Will the Atlanta Hawks Be a Footnote In the History of Dwyane Wade?

Matthew MooneyContributor IApril 28, 2009

MIAMI - APRIL 25:  Joe Johnson #2 of the Atlanta Hawks drives past Jermaine O'Neal #7 of the Miami Heat during Game Three of the Eastern Conference Quarterfinals at American Airlines Arena on April 25, 2009 in Miami, Florida. The Heat defeated the Hawks 107-78. NOTE TO USER: User expressly acknowledges and agrees that, by downloading and/or using this Photograph, user is consenting to the terms and conditions of the Getty Images License Agreement.  (Photo by Doug Benc/Getty Images)

While the Atlanta Hawks have handily won Game Four of their best-of-seven series, tying the contest at two games apiece, the young and talented Hawks (my Hawks) are currently in danger of becoming a footnote in a great player's history.

That great player is, of course, Dwyane Wade.  D-Wade is a special player, the type that can will his team, if they are moderately talented enough, to win playoff series. 

I believe it was Danny Ainge who once said, as a commentator, that he didn't believe Michael Jordan could be beaten in a playoff series.  This was in the middle of a run of six championships in the '90s, in my view even more impressive than the run the Celtics had in the '60s. 

Why?  The pure level of talent on great teams that Michael Jordan dismantled.

Early in his career, Jordan was beat in a playoff series.  By championship-caliber teams.  Bird's Celtics.  Thomas' Pistons.  Once he got past those great teams, personally ending the careers of both amazing players in Bird and Thomas, he did the same to Magic's Lakers.  Then other amazing teams like the Trail Blazers, the Suns, the Sonics, and the Jazz twice. 

Some of the greatest players in basketball never hoisted a championship trophy because of a great player: Michael Jordan.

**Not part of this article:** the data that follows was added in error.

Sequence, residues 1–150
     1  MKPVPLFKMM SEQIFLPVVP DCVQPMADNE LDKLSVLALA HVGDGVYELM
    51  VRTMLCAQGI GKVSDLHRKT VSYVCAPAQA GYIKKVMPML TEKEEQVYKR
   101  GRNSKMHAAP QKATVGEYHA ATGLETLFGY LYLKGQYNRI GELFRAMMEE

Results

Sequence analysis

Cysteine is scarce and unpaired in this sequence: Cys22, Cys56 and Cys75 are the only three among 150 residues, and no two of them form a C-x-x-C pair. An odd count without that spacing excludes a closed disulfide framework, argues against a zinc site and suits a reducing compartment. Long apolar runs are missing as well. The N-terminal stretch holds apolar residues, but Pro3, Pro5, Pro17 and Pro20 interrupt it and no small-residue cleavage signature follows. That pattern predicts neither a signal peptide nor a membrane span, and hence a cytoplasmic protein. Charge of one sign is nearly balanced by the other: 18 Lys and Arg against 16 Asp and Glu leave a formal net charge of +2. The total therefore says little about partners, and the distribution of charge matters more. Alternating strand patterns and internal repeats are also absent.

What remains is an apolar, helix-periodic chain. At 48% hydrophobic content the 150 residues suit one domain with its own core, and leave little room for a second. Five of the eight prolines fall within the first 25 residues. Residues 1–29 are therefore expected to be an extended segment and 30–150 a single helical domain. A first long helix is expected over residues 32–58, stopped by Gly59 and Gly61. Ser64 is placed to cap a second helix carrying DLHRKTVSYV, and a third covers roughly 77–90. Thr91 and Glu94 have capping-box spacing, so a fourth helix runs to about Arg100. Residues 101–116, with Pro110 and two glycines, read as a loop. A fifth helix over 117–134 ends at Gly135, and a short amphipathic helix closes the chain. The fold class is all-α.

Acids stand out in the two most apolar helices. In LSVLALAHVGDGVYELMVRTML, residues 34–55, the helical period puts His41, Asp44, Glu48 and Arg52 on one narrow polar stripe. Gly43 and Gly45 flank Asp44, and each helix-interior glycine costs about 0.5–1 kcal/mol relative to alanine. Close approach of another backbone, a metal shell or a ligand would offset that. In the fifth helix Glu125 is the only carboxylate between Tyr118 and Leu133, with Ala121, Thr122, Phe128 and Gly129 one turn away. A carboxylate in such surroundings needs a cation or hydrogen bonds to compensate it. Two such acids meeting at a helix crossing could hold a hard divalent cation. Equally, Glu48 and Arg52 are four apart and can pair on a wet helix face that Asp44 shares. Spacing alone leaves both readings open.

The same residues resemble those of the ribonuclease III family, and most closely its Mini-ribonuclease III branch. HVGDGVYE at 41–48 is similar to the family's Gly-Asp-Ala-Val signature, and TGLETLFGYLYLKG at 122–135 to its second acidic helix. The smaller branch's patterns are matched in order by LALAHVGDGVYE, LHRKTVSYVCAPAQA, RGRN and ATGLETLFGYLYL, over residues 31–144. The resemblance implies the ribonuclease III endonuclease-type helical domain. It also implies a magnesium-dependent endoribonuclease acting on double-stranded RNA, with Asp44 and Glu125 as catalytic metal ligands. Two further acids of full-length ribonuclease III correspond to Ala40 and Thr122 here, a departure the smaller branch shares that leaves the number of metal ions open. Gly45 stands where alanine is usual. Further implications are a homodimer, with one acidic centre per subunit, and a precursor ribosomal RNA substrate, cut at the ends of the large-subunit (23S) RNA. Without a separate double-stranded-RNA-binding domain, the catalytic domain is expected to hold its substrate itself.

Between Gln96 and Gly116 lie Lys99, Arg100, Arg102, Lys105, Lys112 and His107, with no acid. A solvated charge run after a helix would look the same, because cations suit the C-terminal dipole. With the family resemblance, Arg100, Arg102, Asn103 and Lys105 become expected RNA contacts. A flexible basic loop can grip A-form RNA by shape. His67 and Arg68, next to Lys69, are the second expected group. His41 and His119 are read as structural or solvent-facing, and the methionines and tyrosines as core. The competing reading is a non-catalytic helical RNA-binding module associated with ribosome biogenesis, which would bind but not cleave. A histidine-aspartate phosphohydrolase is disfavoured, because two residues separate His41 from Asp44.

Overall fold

Oh, there were other great teams along the way, too.  Remember Patrick Ewing's Knicks?  Alonzo Mourning's Heat?  Pat Riley alone still has nightmares about Jordan.

Jordan's favorite punching bag for a couple years was a great contender coached by Lenny Wilkens, the Cavs.  The historic shot over Craig Ehlo.  They still show it all the time, Ehlo hanging his head in shame and disgust.  Classic. 

But the Cavs were a great team.  They had amazing talent and top-notch coaching.  They could just never get past the ceiling of Michael Jordan.

Other players have been transcendent enough to send good—even great—teams back to the drawing board and further toward mediocrity.  Bird.  Magic.  Thomas.  Hakeem Olajuwon.  Tim Duncan.  Jordan is just the best example.

Is Wade that good?  Not yet, but as I stated earlier, he's proven he can will an above-average team to beat amazing teams in a playoff series, forever ending their progress.  What have the Mavs done since Wade humiliated them over two or three games to win a championship?  Underachieved.

The Hawks are a great young team.  They have some amazing talent.  They are progressing nicely.  They are a couple players and a savvy coach away from championship caliber.  In Atlanta, we have a little hope for our NBA future.

But will they get there?  Will they be able to ride the storm of D-Wade?  Or will they be another version of the Cavs for a transcendent player? 

The Hawks have won the two games where Wade has not shot well.  Can they win a game where he goes off by containing the rest of the team?

This is what the Hawks have to prove.  Getting past Wade in the first round buys them more than respect and a ticket to at least another four games with another great player; it buys them the validity to continue to progress, to add players and talent to what they already have.

Game Five is at home for the Hawks.  This is a must-win game.  The other option is possibly pulling the plug on a successful team before it is necessary after a disappointing postseason.



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